The first thing they always tell you about Napoli (aka Naples, Italy) is, “Don’t go.” And for a lot of travelers, that’s good advice. The city is insane. Every cab journey is “Mister Toad’s Wild Ride” from Disneyland. Attempts to cross the street on foot are like traversing the Grand Prix. The lodgings are tricky to locate and full of surprises. My first time there I slept in an abandoned spa with revolving colored lights. On my last visit, I stayed in an old lady’s apartment full of erotic art and had to pay a coin-operated elevator every time I went in or out of the building. Nothing in Napoli is plain vanilla.
Which is precisely what I love about the city.
The chaos of Napoli always makes me feel more vividly alive. The streets are teaming with people, half of them on Vespas, all rushing about their daily affairs with tremendous zest. Everyone seems to be talking at once, using their whole body to underscore key points with flamboyant gestures. Rules are ignored, and creativity, not organization, is prized; I always picture the parents teaching their kids to color outside the lines and eat dessert first.
There’s an exhilarating, anything-goes atmosphere, and back in the day, one of its riskier innovations developed into the world’s favorite comfort food: pizza.
The idea of putting toppings on flatbread didn’t start in Napoli. It goes back to — well, I’m guessing the day they invented flatbread, which was sometime during the Neolithic era. But it took think-outside-the-box Neapolitans to have the courage (or madness) to add tomatoes, which were widely viewed as toxic ornamental plants when they arrived in Europe from the New World. When the trailblazers survived the experiment, everyone started adding tomatoes to the traditional toppings of olive oil and cheese, and pizza became a local favorite. Italian immigrants brought it to the USA in the 19th century, but it didn’t go mainstream until American GIs discovered it during World War II and came home demanding more. And they got it. Today, Americans consume three billion pizza pies a year — that’s 100 acres of pizza a day, or 46 slices (23 pounds) per person per year.
Luckily for all of us, pizza has maintained the Napolitano anything-goes attitude. While some purists argue that the only “true” pizzas are the marinara and the margherita, the world disagrees, enthusiastically embracing countless varieties. Oh sure, there was a bit of a flap over Hawaiian pizza when Greek-Canadian Sam Panopoulos introduced it in 1962; some felt adding sweet pineapple was an abomination. Just last year Iceland’s president, Guðni Th. Jóhannesson, caused a media firestorm when he casually told some students that he was fundamentally opposed to pineapple on pizza and would ban it if he could. Jóhannesson later clarified: “I like pineapples, just not on pizza” and suggested topping pizza with fish instead. And the debate rages on.
Some have been equally scathing about white pizza. In a Huffington Post article, lifestyle editor Alison Spiegel dissed white pizza as “difficult to pull off” and often “gummy and gooey … gloppy … offensively boring.”
I beg to differ. As evidence I site the recent morning I spent in the kitchen of my friend Karen Adelson, who lives in California’s wine country and is one of the finest cooks I know. She’d offered to make me her favorite white pizza and I jumped at the chance to see this controversial dish done right.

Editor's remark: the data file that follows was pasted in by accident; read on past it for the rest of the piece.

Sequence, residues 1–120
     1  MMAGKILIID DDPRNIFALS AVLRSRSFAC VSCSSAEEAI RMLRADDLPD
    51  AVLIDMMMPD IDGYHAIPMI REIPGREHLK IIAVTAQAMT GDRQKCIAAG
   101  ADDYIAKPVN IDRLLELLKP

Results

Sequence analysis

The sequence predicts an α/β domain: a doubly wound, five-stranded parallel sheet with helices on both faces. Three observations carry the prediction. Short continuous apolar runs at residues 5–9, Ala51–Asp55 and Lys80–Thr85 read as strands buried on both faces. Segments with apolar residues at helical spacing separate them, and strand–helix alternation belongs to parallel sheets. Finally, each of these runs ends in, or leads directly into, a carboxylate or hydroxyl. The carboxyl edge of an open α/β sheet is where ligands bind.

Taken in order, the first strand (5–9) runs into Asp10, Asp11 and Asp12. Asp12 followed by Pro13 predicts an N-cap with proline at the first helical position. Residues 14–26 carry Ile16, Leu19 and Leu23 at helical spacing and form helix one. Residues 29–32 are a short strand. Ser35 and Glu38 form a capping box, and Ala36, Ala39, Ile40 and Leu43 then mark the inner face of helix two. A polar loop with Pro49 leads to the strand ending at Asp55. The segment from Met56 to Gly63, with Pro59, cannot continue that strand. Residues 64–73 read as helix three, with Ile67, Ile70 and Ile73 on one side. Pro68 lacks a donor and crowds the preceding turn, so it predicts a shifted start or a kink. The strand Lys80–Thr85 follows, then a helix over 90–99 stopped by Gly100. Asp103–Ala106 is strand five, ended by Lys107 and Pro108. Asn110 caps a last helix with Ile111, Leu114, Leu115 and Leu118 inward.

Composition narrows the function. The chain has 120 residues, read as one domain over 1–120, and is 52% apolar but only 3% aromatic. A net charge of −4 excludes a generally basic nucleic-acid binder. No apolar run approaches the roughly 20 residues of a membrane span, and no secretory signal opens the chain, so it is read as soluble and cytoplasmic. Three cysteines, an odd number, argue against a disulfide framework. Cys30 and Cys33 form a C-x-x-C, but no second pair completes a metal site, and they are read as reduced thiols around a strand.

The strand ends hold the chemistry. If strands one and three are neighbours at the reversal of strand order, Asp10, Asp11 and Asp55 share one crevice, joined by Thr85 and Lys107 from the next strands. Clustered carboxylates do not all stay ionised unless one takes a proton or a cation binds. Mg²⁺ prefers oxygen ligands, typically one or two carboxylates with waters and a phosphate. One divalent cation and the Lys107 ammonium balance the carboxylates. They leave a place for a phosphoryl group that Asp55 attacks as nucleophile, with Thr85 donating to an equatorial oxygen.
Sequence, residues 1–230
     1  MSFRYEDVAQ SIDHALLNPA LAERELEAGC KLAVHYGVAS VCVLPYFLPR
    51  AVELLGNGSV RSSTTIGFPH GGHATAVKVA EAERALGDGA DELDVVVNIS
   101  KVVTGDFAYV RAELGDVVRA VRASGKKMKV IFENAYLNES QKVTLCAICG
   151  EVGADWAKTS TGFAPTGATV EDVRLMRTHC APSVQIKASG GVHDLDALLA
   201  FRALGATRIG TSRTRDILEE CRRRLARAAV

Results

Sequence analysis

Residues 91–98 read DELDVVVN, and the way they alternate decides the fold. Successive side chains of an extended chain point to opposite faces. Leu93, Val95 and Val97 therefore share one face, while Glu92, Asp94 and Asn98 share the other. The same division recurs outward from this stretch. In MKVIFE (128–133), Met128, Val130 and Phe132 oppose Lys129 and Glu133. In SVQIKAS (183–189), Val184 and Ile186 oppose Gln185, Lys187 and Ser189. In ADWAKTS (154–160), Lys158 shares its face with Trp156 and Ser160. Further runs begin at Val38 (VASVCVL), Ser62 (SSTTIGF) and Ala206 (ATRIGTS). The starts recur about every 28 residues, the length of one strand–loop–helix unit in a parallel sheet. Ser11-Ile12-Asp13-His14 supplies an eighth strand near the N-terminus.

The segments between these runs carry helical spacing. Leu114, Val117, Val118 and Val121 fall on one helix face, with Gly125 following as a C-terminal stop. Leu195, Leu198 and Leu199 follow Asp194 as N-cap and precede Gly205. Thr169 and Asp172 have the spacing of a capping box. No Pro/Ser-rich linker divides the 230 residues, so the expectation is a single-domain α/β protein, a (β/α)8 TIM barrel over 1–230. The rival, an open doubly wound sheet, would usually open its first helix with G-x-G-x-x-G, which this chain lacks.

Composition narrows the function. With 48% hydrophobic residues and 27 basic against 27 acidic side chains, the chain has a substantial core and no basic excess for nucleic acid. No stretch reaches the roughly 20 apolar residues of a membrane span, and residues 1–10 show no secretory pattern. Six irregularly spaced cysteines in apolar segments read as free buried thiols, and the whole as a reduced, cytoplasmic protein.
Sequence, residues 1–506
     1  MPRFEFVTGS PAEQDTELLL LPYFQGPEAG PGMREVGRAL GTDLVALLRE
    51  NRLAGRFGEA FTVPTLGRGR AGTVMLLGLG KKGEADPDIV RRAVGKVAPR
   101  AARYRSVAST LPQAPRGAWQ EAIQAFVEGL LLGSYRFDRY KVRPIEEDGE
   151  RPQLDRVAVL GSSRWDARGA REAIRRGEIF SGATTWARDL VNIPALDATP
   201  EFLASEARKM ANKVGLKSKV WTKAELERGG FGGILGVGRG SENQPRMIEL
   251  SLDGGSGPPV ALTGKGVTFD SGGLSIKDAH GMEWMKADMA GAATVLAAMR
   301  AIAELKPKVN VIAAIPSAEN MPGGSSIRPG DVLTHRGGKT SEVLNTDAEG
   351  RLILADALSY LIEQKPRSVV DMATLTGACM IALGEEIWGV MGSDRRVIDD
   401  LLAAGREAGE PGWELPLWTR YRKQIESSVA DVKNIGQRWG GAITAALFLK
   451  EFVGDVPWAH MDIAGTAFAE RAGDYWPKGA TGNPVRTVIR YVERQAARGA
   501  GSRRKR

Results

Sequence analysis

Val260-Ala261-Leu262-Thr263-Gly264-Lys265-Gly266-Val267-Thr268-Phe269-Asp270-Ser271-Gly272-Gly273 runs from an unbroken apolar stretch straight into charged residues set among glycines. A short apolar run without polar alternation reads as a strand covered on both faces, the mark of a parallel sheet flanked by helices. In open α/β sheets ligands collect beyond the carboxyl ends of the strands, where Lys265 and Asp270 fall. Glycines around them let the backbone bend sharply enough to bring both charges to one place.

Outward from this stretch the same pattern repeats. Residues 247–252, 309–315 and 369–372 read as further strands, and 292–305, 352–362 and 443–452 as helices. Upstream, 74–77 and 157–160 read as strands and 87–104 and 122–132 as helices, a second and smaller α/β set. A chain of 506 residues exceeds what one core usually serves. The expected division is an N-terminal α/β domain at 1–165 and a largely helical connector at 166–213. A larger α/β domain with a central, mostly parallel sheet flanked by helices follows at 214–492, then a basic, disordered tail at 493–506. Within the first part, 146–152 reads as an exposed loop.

As a starting point, she consulted the recipe for Pizza with Arugula and Shaved Parmigiano Reggiano from Joanne Weir’s Wine Country Cooking. But in the true spirit of pizzaiolos everywhere, my friend didn’t slavishly follow directions. She added artichoke hearts, sliced rather than grated the mozzarella, and baked the pie on a pizza screen rather than the customary pizza stone or metal pan. And instead of making her own, she bought the dough to save time and fuss. A cook after my own heart.
There was absolutely nothing boring, gooey, or gloppy about Karen’s white pizza. The flavors sang with garlic and lemon juice, balanced beautifully by three creamy cheeses, fresh arugula, tangy artichoke hearts, and the light, yeasty crust. Spiegel and the pizza purists don’t know what they’re missing!
Of course, you can take innovation too far. I myself am aghast when I hear about people topping pizza with Nutella, frog’s legs, an entire Happy Meal, or pizza-flavored ice cream. But I will staunchly defend their right to experiment any way they like — so long as they don’t make me eat it.
Wildcat experimentation is what gave us pizza in the first place, and its comforting presence helps us keep going when the going gets tough. As entertainer Henry Rollins put it, “Pizza makes me think that anything is possible.” In these uncertain times, when the entire world can seem as chaotic as Napoli, we need pizza more than ever. Justine Sterling wrote in Food & Wine, “In a recent Harris Poll, Americans revealed their favorite classic comfort foods (eaten when sad or stressed), celebratory comfort foods (eaten when happy or during a special occasion) and curative comfort foods (eaten when sick). Unsurprisingly, the overall winner was pizza." And on days when I need an extra helping of comfort, I go with what Yogi Berra said: “You better cut the pizza in four pieces because I'm not hungry enough to eat six.”
Recipe: Pizza with Arugula and Shaved Parmigiano Reggiano
What's your favorite pizza? Are there any kinds you wouldn't eat?
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I'm an American travel writer based in Spain, to which I've just returned after a 16-month absence due to the pandemic.
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